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Traders are using the Disney selloff as a chance to buy

Shares of Walt Disney Co., previously the best performer in the Dow Jones industrial average year to date, plunged on Wednesday after the company reported quarterly earnings. Although earnings came in above analyst expectations, revenue fell short, prompting a drop of almost 10 percent. But some traders are using the drop as a buying opportunity and expect the stock to rebound to prior highs.

"This could make sense, because after earnings come out, the premium drops and now you can risk just 1.5 percent to make that bullish bet," CNBC contributor Mike Khouw said Wednesday on CNBC's "Fast Money."

Disney options traded at nine times their average daily volume on Wednesday. According to Khouw, Disney was one of the most active stocks on Wednesday, second only to dividends options trading in Apple.

Specifically, traders bought the September 115-strike calls for $1.50 and the January 120-strike calls for $2.85, "two of the most surprising places where we saw activity," Khouw said. Buyers of those calls see Disney gaining about 5 percent by September, or about 10 percent by January.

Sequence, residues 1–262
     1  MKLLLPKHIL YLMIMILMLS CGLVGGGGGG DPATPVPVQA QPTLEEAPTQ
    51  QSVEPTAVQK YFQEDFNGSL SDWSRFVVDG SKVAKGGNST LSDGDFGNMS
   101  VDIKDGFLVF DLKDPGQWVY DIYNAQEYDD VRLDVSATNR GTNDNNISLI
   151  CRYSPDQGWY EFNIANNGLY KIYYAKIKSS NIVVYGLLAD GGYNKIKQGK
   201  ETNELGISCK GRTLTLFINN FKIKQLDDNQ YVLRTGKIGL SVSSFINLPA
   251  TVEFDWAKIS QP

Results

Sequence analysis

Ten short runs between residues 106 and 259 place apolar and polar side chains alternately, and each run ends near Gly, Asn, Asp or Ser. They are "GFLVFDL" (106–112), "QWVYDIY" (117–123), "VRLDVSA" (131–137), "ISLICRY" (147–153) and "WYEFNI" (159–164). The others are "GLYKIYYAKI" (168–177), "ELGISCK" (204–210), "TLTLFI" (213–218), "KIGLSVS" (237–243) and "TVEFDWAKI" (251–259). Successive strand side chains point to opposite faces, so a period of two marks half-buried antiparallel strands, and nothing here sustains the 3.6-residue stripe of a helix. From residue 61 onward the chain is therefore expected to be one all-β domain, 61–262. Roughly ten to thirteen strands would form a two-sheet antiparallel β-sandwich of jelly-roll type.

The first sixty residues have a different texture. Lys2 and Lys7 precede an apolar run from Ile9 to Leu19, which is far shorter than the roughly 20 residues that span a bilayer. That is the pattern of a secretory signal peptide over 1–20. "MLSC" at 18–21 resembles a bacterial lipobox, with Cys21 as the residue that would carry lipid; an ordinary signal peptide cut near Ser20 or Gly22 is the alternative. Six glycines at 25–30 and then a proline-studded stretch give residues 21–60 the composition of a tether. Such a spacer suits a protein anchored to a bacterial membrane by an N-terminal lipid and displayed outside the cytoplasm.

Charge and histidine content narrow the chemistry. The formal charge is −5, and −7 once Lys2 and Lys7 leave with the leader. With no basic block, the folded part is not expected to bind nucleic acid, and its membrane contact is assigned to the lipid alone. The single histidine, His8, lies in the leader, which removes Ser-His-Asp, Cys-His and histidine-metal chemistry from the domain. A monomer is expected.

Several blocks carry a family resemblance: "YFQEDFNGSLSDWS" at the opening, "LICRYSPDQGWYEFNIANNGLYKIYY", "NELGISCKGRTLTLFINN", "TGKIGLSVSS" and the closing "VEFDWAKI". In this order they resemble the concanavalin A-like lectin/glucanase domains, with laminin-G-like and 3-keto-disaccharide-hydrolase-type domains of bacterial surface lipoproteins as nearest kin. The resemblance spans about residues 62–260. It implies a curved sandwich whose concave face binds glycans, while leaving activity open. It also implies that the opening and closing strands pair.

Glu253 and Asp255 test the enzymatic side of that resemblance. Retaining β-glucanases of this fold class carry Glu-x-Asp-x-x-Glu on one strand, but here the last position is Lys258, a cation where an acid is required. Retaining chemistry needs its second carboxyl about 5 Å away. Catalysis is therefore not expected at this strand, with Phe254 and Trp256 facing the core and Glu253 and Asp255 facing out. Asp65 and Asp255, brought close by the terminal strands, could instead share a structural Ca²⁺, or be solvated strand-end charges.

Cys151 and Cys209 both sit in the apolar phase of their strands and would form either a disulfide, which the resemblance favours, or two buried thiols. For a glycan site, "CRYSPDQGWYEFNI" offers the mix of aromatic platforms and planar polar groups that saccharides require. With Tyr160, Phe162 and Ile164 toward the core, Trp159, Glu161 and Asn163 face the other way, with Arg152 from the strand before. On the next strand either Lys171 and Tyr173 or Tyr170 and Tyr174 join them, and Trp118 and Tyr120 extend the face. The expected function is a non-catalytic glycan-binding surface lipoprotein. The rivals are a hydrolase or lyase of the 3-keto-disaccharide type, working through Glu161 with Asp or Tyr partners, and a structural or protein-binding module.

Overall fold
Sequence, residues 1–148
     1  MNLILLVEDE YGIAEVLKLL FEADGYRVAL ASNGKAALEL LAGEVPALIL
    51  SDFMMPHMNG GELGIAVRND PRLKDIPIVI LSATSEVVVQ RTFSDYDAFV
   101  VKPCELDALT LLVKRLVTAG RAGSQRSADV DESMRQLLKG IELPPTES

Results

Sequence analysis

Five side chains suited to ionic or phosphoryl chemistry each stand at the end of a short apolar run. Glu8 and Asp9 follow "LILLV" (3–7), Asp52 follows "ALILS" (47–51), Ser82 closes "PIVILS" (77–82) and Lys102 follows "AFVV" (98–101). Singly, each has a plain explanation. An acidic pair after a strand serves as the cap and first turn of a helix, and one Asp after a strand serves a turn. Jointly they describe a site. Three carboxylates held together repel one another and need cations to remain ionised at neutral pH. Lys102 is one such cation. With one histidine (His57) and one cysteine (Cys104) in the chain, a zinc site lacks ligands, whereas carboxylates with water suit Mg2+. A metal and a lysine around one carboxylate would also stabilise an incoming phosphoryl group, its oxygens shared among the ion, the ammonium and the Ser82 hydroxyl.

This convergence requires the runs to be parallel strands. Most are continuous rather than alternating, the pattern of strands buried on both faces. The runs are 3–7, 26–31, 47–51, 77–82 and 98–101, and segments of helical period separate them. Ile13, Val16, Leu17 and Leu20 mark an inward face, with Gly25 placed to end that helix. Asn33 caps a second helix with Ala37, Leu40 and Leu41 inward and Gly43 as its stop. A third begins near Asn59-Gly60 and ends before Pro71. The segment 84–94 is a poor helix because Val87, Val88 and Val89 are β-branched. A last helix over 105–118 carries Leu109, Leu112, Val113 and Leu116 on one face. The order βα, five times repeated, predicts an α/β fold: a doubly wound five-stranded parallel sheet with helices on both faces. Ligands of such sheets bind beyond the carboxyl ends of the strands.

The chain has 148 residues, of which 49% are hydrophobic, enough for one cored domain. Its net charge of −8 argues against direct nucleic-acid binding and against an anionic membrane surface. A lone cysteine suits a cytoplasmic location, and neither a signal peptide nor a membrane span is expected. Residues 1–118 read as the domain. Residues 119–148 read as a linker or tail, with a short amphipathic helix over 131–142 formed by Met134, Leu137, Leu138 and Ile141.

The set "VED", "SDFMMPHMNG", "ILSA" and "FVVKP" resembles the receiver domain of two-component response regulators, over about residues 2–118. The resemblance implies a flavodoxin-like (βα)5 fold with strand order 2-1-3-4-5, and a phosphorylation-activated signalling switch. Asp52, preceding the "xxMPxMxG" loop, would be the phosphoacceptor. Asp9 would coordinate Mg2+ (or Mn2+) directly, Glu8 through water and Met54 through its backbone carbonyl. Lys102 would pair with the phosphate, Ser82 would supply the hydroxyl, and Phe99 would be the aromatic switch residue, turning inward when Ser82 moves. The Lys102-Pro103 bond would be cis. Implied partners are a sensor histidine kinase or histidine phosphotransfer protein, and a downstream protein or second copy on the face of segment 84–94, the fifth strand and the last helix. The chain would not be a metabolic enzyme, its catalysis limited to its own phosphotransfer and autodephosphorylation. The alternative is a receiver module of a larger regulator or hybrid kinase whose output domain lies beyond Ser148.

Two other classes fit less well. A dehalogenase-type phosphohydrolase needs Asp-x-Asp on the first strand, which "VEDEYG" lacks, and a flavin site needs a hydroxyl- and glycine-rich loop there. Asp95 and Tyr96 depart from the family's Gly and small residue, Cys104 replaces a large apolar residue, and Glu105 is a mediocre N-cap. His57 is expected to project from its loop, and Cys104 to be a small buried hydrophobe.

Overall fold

Read MoreWalt Disney earnings: $1.45 per share, vs expected EPS of $1.42

Disney's shares extended losses on Thursday, trading down about 4 percent at $105. The stock is up more than 13 percent year to date.

The media company's slowing revenue sparked concern for similar companies and a changing TV subscription model, dragging down shares of Time Warner, CBS and Viacom.

Read MorePay TV industry shows cracks in media earnings

However, the majority of analysts are still bullish on the stock, with an average price target of $121.54.

On Wednesday, Guggenheim Securities revised its target price on Disney to $120 from $127, but noted long-term growth potential for the company.

"We believe that investors will continue to take a longer-term view of valuing unique asset stories and see Disney as continuing to fit this category despite growing concern about the pay-TV marketplace," Guggenheim's Michael Morris wrote in a note to clients Wednesday.

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